It's kind of hard to think about winter right now as the city is SWELTERING. But we must.

We've gotten plenty of mixed messages when it comes to this coming "Godzilla El Niño" and how much rain we'll actually get. But chances are decent that like the winter of '97/'98 we'll be getting a deluge — it might even be worse/better than that, in terms of more sheer rain — and San Francisco city agencies are bracing for transit woes, delayed projects, and potentially flooding and other problems.

As Rec and Parks director Phil Ginsburg tells the Chron, "We’re actually pretty excited about the rain because we really need it. The issue is if we get a lot of rain really fast, and there is a lot of runoff. It can result in erosion, tree failures and some flooding."

You all remember last December's #Rainpocalypse, right? What if we had like five of those in a month?

The San Francisco Public Utilities Commission is doing hydrologic modeling of low-lying areas around town where water naturally flows, and will try to beef up storm sewers in those areas as much as they can. Also, if you're worried and live in one of these areas, you can pick up ten free sandbags from the Department of Public Works, and apply to the PUC's Floodwater Grant Program to make improvements to your home.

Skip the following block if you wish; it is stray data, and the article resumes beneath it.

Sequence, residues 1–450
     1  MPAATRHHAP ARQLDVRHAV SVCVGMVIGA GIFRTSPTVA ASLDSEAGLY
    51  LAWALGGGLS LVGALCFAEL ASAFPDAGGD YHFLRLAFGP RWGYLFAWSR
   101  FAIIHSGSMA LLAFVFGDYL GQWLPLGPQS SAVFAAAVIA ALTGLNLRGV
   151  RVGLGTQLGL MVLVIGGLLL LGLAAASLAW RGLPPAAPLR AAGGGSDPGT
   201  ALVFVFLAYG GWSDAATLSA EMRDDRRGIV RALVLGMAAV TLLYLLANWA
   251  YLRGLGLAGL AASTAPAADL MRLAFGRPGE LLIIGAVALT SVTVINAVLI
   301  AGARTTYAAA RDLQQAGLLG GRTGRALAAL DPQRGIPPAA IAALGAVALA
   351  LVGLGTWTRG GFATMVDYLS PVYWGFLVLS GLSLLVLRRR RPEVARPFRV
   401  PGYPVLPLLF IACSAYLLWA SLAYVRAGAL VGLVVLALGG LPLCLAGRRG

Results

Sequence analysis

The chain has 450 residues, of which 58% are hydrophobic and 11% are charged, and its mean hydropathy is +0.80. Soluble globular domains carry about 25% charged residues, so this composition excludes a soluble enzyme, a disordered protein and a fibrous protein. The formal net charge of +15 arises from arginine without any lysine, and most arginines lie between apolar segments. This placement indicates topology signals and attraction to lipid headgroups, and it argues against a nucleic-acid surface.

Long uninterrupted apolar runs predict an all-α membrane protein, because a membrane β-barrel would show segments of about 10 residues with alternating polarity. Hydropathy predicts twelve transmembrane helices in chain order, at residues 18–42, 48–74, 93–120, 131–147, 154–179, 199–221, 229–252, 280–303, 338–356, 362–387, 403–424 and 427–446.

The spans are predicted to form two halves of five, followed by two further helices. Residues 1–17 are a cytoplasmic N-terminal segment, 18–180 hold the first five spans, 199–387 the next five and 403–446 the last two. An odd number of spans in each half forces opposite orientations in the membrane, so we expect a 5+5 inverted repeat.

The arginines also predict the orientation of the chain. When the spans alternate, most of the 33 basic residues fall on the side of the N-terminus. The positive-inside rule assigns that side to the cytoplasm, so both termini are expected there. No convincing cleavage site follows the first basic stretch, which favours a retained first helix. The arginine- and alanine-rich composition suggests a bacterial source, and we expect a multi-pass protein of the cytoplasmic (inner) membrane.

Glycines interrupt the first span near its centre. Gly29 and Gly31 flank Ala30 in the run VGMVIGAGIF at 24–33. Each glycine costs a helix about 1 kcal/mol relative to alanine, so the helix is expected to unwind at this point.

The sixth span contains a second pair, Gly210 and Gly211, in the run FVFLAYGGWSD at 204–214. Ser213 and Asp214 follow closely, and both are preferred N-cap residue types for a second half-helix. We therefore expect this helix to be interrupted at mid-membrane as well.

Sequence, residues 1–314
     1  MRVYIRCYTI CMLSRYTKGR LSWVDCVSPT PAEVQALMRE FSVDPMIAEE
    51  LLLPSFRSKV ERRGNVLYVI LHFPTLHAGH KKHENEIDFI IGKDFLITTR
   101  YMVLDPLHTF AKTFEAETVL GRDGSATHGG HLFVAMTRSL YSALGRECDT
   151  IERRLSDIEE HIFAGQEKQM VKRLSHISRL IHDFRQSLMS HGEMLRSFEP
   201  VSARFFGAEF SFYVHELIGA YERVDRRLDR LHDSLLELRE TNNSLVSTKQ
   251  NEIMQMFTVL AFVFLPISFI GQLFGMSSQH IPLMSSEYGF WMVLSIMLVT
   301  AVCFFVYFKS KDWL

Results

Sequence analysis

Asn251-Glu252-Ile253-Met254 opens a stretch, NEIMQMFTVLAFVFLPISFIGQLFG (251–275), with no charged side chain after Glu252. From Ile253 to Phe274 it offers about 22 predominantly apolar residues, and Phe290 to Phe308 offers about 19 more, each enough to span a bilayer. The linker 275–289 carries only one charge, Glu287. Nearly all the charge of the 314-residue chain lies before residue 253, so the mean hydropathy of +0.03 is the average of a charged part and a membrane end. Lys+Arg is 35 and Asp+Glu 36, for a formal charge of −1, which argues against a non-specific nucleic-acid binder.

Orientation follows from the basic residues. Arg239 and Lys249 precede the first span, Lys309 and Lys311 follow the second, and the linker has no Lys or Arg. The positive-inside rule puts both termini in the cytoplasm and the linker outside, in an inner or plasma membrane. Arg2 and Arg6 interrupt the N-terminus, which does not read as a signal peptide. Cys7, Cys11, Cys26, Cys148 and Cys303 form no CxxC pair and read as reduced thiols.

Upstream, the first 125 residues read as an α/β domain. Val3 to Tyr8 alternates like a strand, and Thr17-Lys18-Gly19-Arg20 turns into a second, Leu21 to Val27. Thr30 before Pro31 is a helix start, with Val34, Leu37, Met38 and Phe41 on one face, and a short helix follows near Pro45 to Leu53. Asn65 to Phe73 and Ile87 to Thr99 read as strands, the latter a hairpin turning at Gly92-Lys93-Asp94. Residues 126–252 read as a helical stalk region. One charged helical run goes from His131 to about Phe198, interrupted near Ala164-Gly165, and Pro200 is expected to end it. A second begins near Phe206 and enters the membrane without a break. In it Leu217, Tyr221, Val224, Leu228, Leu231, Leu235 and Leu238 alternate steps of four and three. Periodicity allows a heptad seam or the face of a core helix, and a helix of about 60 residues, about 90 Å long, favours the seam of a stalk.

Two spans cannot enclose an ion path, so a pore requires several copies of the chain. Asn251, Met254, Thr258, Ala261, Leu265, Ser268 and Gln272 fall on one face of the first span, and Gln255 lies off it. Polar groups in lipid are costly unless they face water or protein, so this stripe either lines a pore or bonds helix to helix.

Muni says they're preparing by clearing drainage systems, but it is worrisome that that one big storm last year managed to cripple the system and close several stations. And power outages are pretty much beyond everyone's control.

Apparently the renovations on the southern end of Dolores Park are not expected to be impacted by the rains — and hopefully they'll be near complete by the end of the year? But Rec & Parks has almost two dozen other projects, including park renovations at Mountain Lake and South Park, which will likely get delayed.

Meanwhile, similar preparations are happening across the state, including in Orange County, where forecasters predict even more rain may fall than up in Northern California — which would suck because all the reservoirs are up here.

Previously: Historic Confluence Of Three Category-4 Pacific Hurricanes Could Spell Trouble
'Godzilla El Niño' Now Being Called 'Strongest In Recorded History'